First impressions matter. Upon entering Lutz's Craft Bar Kitchen, mine was wow, this place is freezing cold. Since that isn't a useful observation, I moved onto the sleekness of this new restaurant's interior.
Brushed-metal wall art, swirling with blues and silvers. Edison bulbs in starburst fixtures. Black ceiling, white walls and wooden floors. A private dining area tucked into its own room in the back corner. Weathered brickwork, granite bar top — the works. Clean but not sterile, comfy but with class.
Then I sat at the bar, where the bartender kicked it right off with an introduction, a handshake and a quick explanation of the restaurant's concept — house-made ingredients; fresh purees, juices and infused syrups; an Asian-inspired new-American menu — and recommendations off the cocktail menu (the Maple & Things, a smoked old-fashioned, is very popular). New first impression: pretty good.
I perused the cocktail list, which included several immediate standouts. As promised, house-infused syrups — agave, rather than simple — factored into many drinks, along with various combinations of muddled fresh fruit, herbs, juices and premium spirits.
I went with the Florida Fashioned; Geneva went with the Slim Shady. The former is a spin on the old-fashioned — the old-fashioned, Manhattan and mule variations are common themes on the menu — which replaces bourbon with McGavin's scotch and adds an element of tartness by way of lemon and grapefruit bitters. The addition of a burnt orange adds additional citrus flavor and aroma.
The Slim Shady is an attractive drink, made with Chopin rye vodka, lemon, raspberry and brown sugar. The garnish is a raspberry stacked on a lemon wheel, speared with a branded toothpick and served in an angled glass, giving it a unique look. Both cocktails were fantastic.
Behind the bar is a moonshine still that appears to be in working order. It's for decorative purposes, of course, but even if it was pumping out white lightning, it would have a lot of competition from the well-selected spirits, which is whiskey-heavy and features many less-common brands.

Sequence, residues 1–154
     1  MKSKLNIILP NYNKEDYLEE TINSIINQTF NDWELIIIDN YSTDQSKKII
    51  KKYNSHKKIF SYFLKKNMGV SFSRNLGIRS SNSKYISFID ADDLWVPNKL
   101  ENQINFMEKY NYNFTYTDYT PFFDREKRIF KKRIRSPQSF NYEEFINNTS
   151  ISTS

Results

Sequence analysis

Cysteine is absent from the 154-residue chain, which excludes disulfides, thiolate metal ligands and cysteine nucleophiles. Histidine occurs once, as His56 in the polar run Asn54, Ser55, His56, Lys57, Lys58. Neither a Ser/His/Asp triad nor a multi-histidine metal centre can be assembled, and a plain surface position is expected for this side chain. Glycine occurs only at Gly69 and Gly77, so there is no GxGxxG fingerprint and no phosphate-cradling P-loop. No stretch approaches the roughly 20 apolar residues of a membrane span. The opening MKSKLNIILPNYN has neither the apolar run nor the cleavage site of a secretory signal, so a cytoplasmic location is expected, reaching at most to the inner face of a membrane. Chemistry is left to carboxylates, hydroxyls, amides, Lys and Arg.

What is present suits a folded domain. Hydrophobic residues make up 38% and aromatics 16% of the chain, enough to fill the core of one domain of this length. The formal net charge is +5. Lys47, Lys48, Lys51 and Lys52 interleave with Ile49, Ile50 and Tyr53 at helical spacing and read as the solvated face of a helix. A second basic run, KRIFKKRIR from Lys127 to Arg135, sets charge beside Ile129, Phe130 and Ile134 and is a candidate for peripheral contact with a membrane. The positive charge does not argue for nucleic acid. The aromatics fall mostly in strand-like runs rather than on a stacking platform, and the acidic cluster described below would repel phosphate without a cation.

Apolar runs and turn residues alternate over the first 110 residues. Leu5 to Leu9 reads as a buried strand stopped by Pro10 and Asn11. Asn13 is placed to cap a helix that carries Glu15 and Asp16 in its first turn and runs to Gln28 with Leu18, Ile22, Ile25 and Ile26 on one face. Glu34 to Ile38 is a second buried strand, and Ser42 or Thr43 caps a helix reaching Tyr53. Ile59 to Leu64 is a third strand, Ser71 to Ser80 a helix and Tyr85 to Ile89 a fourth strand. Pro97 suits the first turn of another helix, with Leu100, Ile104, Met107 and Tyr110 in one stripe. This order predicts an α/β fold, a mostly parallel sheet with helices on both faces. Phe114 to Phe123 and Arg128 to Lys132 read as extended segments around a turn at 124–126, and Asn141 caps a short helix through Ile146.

Scotch drinkers with a few extra bucks to burn will want to take a look at the Macallan 18 (which is sherry cask-aged), while Cognac drinkers might enjoy the 1738 from Rémy Martin. American whiskey fans have lots to choose from, with deep cuts like Amador (hop-flavored, from California), Kinsey (Pennsylvania), and Clyde Mays (an "Alabama-style" whiskey from Kentucky, bottled in Florida).
Above the bar is a small whiskey barrel, used to age cocktails. The current selection, which will be ready for an upcoming special event, is a barrel-aged Vieux Carre. A 5-liter Redemption Rye barrel is coming soon, which will allow for a pretty substantial expansion of the current barrel-aging program — a feature that I'm always glad to see.
Solid marks so far, but then, a minor gripe. For a bar that borrows a buzzword from the current beer movement, Craft Bar Kitchen's beer menu could use some editing. I know it's pedantic, but there are misspellings, incomplete product names, brewery misattributions and general weirdness (Orange Blossom Brewery from . . . Pilsner?) throughout.
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But the quality of the beer selection is quite good, but when compared to the detailed and accurate wine list, carefully constructed food and cocktail menus and overall attention to detail represented throughout the rest of the business, I think a little clean-up of the beer menu itself should be a priority. Beer is important, too!
Typos aside, Craft Bar Kitchen left a good impression. This is premium stuff — an upscale restaurant experience in an environment that's entirely accessible. You could come to have drinks and watch the game just as comfortably as you could come for a fancy celebration dinner. Great service, a well-picked selection of beer, wine and spirits, and a strong list of house cocktails. That's a great start.
— email@example.com; @WordsWithJG.